Sylvia called me up on Sunday and asked if I wanted to watch Helvetica, the 2007 documentary about fonts. “Do I ever!”, I exclaimed.
Helvetica is a very dry documentary about a very fascinating subject: the role that typeset has in introducing us to products or concepts. It covers this larger theme by recounting the story of the design of the Haas Neue Grotesk font, which we today call “Helvetica”: the most common typeset in the world of Roman characters in the 20th century. Every street sign in New York, most forms of U.S. government paperwork, and practically every corporation uses it.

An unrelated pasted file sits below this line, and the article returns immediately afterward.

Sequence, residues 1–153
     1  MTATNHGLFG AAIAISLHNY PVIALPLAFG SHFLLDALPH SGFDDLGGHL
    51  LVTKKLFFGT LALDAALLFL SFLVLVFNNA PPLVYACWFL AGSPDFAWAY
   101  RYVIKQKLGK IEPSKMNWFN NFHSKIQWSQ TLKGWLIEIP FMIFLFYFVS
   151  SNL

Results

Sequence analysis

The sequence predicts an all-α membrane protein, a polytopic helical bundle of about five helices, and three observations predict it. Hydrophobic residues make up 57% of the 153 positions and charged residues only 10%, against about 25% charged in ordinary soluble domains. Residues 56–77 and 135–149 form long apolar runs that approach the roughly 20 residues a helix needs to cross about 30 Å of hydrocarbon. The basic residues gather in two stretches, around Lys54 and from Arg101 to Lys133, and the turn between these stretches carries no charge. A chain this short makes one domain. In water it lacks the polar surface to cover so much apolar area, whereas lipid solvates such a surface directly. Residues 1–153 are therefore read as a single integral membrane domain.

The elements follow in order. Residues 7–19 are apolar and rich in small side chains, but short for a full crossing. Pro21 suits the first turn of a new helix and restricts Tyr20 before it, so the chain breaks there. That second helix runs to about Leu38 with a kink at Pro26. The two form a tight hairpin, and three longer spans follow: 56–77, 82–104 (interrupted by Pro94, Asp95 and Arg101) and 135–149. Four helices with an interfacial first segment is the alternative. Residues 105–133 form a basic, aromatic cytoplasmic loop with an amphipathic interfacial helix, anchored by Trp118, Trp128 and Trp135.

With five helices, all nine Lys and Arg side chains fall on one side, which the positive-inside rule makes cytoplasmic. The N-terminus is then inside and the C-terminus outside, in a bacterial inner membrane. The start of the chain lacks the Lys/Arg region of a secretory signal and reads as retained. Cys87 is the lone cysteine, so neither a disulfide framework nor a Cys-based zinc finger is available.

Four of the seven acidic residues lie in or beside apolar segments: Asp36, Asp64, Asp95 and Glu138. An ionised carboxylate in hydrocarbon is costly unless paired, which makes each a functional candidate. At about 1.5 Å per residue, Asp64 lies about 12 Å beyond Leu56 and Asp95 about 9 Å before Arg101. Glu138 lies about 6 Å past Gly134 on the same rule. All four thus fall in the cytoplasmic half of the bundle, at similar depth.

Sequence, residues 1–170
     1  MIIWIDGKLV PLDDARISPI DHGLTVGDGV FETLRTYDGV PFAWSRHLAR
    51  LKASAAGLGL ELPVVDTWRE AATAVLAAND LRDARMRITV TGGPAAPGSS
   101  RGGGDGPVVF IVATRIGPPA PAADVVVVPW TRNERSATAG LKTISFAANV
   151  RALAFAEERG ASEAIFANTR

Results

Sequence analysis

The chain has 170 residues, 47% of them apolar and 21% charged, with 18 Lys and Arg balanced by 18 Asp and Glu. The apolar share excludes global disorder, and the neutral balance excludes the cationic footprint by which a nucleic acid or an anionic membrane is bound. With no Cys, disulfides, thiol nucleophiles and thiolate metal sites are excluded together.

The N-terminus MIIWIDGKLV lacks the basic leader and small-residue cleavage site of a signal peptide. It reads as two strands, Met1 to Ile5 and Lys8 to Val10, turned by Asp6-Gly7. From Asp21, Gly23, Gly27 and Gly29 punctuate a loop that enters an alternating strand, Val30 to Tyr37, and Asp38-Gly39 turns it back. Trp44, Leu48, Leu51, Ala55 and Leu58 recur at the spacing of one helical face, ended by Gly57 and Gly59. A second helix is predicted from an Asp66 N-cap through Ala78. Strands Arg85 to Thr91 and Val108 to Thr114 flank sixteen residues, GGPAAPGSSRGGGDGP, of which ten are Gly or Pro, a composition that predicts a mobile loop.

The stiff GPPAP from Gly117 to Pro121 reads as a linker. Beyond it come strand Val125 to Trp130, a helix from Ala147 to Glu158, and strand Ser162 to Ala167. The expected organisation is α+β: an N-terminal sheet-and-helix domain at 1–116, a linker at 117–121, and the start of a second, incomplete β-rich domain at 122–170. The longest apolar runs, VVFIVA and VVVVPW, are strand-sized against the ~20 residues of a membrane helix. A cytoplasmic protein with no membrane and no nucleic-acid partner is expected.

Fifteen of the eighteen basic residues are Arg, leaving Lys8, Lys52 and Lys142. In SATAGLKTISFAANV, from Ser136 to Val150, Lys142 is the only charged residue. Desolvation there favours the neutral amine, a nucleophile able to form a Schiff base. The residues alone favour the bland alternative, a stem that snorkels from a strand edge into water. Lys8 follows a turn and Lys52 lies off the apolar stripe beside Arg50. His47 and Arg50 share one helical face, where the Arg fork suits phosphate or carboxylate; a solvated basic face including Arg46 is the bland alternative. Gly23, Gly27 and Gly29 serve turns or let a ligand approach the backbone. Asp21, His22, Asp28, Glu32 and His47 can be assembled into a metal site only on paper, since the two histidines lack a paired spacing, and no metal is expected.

The film raises the question of why Helvetica has become so ubiquitous. Does everyone use it because elements of its design seem so appealing: the firmness of the lines, the encapsulation and separation of white space? Or does Helvetica appeal to us because everyone uses it? This debate intrigued me, having started a conversation on Friday over whether mind/body unification means outside forces create our desires, or our desires look for outside forces to fulfill them. Which came first – the crossbar or the em?
The documentary as a film: good. The conversation, as I said, gets a little dry at times, with the individual words fading into the background like the strokes of a character fade into the word-picture it creates. Then you get a character like Erik Spiekermann, who compares the most common font in the world to McDonald’s, and you perk back up. Worth the 90 minutes of your time.